One issue that has enjoyed an awareness (media) pass during the COVID-19 pandemic is Food Waste. It’s a major problem that costs our society billions of dollars and billions of tonnes of lost food every year and a new study says the coronaviris crisis is just making things worse…
Billions of tonnes of food is wasted, even before it leaves the farm gate, every
year. Now, it appears that the COVID-19 crisis is accelerating waste.
You’d thing that, with the food shortage scare news stories and actual shortages of some food due to processing plant closures back near the start of the COVID-19 crisis, that we’d all be more sensitive to the issue of food waste and less likely to contribute to the problem by now. But it appears the opposite is the case – to an alarming extent.
A new survey reveals all
The latest survey on food wastage in Canada (and, by association, the U.S. and the UK) shows that we’re trashing perfectly good food at unprecedented levels.
A team from Dahousie University has discovered that a number of interacting issues appears to be triggering accelerated waste.
What they did
According to an abstract of the study report: “Since most of our lives have changed and most Canadians have been spending more time at home since March, many [were] wondering if Canadians are generating food waste at home. The present investigation on home organic food waste looks at how much Canadians may be wasting food compared to before the pandemic. We also look[ed] at COVID-related and other factors which could lead to more food waste at home.”
A total of 8,272 Canadians was surveyed between August 21-23, 2020.
What they found
Before the pandemic, and based estimates, respondents conveyed that their household was generating about 2.03 kg per week [average] of organic food waste (avoidable and unavoidable). This number is below the numbers we can find in most food waste studies, but the present report wanted to look at differences between pre-COVID and current perceptions. Our survey suggests that the average Canadian household is now generating 2.30 kg of organic food waste (avoidable and unavoidable), which is an increase of 13.5%.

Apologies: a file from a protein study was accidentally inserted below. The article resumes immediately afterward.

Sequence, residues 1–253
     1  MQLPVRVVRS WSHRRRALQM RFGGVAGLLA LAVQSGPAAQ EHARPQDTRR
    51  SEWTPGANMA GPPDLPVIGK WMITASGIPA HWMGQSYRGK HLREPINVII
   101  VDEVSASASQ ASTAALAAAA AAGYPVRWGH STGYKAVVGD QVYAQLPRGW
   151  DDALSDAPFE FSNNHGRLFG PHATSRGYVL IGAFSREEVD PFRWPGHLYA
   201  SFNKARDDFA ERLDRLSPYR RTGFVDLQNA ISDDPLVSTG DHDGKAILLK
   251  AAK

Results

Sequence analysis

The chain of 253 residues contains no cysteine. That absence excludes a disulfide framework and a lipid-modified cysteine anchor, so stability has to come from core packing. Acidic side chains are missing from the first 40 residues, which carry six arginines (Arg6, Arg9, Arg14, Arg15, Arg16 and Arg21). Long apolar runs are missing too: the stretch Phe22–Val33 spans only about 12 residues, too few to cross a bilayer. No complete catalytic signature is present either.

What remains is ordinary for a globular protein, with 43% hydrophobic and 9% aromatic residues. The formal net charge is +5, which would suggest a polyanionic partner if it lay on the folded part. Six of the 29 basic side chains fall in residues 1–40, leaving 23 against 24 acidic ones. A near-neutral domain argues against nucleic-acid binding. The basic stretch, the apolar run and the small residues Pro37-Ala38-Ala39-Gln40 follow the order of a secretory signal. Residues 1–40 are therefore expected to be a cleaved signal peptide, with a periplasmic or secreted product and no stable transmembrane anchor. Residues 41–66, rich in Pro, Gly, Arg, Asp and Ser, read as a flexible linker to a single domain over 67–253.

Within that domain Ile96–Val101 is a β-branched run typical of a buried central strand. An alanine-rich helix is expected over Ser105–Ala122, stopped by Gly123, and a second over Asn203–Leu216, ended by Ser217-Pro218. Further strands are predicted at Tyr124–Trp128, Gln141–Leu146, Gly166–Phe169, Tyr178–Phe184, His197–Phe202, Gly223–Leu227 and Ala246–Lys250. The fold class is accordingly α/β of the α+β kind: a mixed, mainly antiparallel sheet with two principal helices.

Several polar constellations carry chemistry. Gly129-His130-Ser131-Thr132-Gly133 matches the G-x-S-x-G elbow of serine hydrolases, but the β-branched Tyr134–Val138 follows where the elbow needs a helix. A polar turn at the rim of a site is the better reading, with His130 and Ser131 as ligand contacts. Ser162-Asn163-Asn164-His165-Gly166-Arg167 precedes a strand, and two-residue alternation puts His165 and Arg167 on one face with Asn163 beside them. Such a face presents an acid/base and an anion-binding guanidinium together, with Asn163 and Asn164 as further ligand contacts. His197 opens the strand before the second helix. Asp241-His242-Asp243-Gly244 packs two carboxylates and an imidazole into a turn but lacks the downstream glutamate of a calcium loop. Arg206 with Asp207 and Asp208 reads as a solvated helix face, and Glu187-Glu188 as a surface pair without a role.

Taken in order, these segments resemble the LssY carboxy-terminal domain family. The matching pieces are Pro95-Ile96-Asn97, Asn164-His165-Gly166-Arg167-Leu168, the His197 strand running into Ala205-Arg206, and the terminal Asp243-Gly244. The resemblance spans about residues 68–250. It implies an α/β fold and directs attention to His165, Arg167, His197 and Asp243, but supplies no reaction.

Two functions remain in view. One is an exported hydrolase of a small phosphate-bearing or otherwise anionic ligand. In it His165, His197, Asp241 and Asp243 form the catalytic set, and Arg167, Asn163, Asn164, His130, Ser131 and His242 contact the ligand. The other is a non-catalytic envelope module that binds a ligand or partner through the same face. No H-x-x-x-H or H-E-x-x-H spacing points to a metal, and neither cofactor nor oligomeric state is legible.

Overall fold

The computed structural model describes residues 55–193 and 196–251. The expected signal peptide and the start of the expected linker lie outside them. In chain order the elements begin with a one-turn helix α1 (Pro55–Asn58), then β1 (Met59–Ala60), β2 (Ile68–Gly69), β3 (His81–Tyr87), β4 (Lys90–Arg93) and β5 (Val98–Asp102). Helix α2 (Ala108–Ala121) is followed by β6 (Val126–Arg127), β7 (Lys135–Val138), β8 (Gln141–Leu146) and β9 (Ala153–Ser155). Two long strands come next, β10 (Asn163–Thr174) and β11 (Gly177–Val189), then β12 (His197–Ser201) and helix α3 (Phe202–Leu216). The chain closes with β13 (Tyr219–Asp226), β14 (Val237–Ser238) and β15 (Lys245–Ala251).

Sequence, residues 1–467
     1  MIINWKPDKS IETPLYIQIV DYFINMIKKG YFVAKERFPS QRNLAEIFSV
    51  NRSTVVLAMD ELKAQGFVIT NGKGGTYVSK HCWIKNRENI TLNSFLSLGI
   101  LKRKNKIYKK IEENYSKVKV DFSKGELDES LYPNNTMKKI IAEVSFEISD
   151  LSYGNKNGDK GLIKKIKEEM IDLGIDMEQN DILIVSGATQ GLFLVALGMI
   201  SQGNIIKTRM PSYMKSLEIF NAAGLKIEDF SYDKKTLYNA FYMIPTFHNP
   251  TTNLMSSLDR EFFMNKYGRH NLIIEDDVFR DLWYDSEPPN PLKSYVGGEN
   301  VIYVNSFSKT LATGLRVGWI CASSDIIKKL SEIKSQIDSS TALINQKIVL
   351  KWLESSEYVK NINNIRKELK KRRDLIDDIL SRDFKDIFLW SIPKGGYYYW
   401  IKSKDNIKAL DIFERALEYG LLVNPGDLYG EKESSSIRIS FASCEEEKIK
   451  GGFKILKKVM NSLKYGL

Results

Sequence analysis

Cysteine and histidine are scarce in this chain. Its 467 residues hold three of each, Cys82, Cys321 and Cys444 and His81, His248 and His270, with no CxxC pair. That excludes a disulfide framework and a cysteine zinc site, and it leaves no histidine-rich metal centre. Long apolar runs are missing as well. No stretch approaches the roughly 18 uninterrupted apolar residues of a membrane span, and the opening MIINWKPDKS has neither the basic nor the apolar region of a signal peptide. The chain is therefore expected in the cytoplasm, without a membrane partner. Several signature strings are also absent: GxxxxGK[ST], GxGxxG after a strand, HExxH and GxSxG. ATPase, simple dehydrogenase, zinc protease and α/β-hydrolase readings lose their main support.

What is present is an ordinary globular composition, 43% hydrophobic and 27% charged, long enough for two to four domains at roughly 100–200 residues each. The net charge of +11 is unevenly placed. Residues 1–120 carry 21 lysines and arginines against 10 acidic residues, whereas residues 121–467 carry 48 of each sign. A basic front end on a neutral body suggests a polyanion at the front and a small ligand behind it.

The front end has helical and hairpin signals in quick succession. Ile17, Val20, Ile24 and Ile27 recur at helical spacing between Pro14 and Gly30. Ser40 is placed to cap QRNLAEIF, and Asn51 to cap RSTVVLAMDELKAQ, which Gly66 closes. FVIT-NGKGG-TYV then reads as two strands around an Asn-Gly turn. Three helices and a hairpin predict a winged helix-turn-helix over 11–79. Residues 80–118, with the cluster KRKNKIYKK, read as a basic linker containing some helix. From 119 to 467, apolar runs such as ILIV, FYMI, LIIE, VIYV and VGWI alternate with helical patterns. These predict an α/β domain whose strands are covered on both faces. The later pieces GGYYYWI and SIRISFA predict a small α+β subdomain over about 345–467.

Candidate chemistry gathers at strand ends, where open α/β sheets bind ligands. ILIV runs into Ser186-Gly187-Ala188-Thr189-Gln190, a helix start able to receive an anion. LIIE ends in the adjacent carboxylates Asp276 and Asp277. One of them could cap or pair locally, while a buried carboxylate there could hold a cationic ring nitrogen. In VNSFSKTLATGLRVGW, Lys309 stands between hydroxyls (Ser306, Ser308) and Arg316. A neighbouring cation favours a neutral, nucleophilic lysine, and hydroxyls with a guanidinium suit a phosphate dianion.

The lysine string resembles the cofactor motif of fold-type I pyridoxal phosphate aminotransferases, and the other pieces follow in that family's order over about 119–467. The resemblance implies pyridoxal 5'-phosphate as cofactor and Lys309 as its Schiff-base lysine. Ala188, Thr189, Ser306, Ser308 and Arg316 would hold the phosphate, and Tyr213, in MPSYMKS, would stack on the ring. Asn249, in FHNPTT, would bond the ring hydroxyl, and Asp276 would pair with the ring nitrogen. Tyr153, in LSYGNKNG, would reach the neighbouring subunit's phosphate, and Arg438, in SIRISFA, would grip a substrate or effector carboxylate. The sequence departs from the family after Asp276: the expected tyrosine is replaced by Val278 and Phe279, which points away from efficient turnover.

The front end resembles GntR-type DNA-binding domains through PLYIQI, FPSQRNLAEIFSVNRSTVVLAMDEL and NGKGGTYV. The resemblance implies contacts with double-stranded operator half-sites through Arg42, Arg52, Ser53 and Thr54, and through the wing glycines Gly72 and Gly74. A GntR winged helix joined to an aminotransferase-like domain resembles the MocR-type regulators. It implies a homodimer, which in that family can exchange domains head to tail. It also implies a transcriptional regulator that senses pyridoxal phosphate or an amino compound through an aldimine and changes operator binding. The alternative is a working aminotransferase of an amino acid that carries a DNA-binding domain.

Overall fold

“This is consistent with […] early data released by some municipalities in the country. Based on our modeling evaluations, Canadian households could potentially be generating between 20 to 24 million kilos of additional organic waste a month, since the start of the pandemic. According to a recent study on domestic food waste, about 2.16 billion kilos of food, or more than $20 billion worth, is lost. This equals an annual cost of avoidable food loss and waste in Canada equaling $1,766 per household. With COVID-19, costs may have increased by $238 per household, or $2.95 billion for the entire country”
It is unclear why food wastage has increased during the COVID-19 lock down. But the survey showed the following were the most serious self-reported causes:
- Household members did not finish their meals. (30.4%)
- Food is left in the fridge or freezer too long. (31.3%)
- Not consuming food before the best before or use by dates. (15.0%)
- Preferring the freshest possible food. (12.8%)
Researchers say the above survey responses indicate that many Canadians have not been practicing good meal planning and grocery shopping habits.
I’d like to see the figures on extra food purchased specifically to donate to Food Banks (which should not be counted as wasted), the figures from restaurant operators who have likely been buying less food from the wholesale supply chain, and other parallel issues which, if factored into the survey results, might produce a more accurate result.
I’m also troubled by a survey report side note that an average across all provinces and territories of 10 percent of Canadians reported they had thrown out perfectly good food they believed had been contaminated by COVID-19 virus. I thought that the message had been been received by all, by how, that transmission of COVID-19 via food is highly unlikely!
Get the big picture
Visit this page to get all the details on the Dalhousie survey study…
~ Maggie J.